At least 11 people have died this month in northern Myanmar in escalating clashes between security forces and armed insurgents that have undercut Aung San Suu Kyi’s bid for peace. Thousands have fled their homes in northern Shan state since the fighting erupted in late November, with many crossing the border into China.
In response, Beijing has placed its military on high alert, fearing the violence could once again spill into its territory after several of its nationals were killed last year.
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The bodies of nine policemen killed by rebels on December 2 have been recovered, state-run Global New Light of Myanmar said Thursday. Two civilians were also reportedly killed in that incident.
In total at least 30 soldiers, police, pro-government militia and civilians have died since the fighting began, according to a tally of state media figures.
The clashes have delivered a fresh blow to de facto leader Suu Kyi’s hopes of forging a nationwide peace agreement to end decades of bloody insurgencies rumbling along Myanmar’s borderlands.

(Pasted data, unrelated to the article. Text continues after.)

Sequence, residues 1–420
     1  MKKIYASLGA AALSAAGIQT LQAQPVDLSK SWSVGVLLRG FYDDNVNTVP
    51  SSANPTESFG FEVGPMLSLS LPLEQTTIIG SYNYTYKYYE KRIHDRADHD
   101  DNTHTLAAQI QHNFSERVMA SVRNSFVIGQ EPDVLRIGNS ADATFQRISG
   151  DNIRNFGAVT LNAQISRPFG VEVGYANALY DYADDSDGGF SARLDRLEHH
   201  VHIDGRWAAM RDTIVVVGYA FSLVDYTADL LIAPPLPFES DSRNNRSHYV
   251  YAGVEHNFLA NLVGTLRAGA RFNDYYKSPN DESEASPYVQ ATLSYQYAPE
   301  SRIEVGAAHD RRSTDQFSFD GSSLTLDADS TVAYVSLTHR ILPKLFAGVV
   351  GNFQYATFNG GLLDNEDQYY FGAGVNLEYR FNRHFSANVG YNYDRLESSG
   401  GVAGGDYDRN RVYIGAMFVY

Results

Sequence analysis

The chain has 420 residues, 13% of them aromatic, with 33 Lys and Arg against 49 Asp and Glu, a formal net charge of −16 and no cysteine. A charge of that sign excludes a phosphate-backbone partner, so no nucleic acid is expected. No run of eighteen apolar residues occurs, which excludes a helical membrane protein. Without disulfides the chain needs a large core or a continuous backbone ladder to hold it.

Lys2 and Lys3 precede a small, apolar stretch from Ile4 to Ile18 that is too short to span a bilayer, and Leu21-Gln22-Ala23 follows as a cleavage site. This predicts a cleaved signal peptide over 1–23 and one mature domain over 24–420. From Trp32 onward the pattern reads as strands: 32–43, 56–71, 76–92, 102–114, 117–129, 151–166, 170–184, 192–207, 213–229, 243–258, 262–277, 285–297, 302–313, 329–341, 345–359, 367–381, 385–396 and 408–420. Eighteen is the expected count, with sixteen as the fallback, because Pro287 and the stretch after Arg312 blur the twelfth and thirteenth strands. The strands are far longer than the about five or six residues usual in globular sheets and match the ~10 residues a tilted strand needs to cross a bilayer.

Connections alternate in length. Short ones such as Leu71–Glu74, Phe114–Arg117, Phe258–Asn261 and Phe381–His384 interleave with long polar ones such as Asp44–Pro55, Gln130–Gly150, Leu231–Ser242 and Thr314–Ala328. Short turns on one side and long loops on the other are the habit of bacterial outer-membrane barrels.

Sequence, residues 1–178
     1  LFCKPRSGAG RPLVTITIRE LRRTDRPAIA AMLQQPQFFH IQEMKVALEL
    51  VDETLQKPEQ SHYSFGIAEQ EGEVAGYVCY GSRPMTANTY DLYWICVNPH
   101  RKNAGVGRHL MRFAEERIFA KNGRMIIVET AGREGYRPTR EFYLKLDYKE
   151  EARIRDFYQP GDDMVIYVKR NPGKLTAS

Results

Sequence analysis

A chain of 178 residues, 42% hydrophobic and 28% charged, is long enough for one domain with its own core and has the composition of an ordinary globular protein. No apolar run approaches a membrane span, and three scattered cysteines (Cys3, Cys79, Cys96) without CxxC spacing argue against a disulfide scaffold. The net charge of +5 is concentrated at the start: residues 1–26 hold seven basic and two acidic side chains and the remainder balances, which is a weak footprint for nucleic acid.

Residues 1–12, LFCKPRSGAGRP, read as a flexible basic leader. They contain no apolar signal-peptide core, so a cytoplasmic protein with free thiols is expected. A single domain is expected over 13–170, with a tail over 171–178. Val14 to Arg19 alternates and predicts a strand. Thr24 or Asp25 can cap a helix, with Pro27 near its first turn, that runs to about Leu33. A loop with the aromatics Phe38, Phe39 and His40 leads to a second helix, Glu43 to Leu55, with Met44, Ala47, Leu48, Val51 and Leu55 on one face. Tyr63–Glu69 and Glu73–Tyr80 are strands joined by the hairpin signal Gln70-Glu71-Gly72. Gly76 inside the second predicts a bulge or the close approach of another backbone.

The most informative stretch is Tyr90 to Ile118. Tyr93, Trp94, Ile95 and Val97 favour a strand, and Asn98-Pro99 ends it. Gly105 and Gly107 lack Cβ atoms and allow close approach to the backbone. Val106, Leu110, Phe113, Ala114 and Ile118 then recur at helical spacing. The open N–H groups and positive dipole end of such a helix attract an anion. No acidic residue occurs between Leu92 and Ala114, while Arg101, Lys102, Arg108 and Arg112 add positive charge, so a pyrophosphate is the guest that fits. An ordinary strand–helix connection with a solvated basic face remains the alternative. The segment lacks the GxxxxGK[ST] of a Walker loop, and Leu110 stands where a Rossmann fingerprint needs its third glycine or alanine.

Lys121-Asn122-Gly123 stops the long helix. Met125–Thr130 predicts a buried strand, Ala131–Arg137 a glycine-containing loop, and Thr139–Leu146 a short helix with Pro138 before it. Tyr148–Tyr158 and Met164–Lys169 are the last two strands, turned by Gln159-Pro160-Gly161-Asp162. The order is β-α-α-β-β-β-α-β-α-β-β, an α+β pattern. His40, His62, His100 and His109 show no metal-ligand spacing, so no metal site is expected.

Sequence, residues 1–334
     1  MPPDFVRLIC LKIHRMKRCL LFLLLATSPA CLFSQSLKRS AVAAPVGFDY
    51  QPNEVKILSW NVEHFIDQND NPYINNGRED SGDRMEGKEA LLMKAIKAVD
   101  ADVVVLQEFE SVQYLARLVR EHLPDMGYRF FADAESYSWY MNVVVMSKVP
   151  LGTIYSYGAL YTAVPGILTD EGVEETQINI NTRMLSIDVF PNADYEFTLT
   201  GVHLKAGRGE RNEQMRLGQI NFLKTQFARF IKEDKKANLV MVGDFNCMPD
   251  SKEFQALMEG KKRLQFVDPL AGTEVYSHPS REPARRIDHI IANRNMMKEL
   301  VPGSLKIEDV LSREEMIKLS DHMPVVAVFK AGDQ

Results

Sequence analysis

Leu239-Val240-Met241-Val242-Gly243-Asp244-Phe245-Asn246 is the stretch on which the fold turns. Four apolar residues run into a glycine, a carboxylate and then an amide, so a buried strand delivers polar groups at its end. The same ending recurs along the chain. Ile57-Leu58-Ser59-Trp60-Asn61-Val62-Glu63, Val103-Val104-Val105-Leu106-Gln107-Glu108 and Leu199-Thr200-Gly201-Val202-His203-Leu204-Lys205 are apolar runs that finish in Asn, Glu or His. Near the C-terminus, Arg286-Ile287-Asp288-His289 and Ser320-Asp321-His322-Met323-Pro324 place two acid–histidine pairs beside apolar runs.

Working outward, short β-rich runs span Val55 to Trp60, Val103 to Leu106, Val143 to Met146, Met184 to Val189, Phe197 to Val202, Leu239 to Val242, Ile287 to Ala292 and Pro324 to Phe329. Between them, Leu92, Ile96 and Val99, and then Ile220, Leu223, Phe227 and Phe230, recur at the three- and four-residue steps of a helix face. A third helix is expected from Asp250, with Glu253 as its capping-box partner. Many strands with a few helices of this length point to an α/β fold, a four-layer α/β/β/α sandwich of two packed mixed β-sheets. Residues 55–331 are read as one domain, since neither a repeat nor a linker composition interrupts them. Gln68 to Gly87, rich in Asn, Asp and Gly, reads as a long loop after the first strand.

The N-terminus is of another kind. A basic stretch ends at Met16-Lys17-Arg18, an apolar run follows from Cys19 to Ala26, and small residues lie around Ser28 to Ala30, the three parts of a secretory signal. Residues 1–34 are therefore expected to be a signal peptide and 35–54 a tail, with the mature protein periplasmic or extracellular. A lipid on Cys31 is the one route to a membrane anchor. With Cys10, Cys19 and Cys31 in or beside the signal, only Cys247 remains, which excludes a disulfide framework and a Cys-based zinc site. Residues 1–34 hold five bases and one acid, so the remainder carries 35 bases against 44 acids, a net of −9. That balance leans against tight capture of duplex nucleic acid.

Suu Kyi prioritised tackling the simmering conflicts after her elected government took power earlier this year, ending decades of military-backed rule.
But fighting in the northern states of Kachin and Shan, and in the south in Karen, have cast a pall over her efforts and any ceasefire is expected to take years to agree.
Myanmar’s army has also been carrying out a bloody crackdown in the north of Rakhine state that has sent more than 20,000 from the Muslim Rohingya minority fleeing to Bangladesh.
Analysts say the recent bout of unrest in Shan threatens the second round of peace talks she had scheduled for February and has strengthened the role of the army, who still control key levers of power.
Three of the rebel groups fighting in Shan — the Arakan Army, the Ta’ang National Liberation Army (TNLA) and the Myanmar National Democratic Alliance Army – have not been invited to the negotiations.
China-brokered talks between government negotiators and the groups reportedly broke down this week.
But TNLA spokesman Colonel Tar Phone Kyaw said the groups were open to negotiations if the army wanted to talk in good faith.
“Our alliance from Northern Shan state will stand our ground and defend if they launch more attacks,” he told AFP.
“But if they stop the fighting, we welcome negotiations to find a solution.”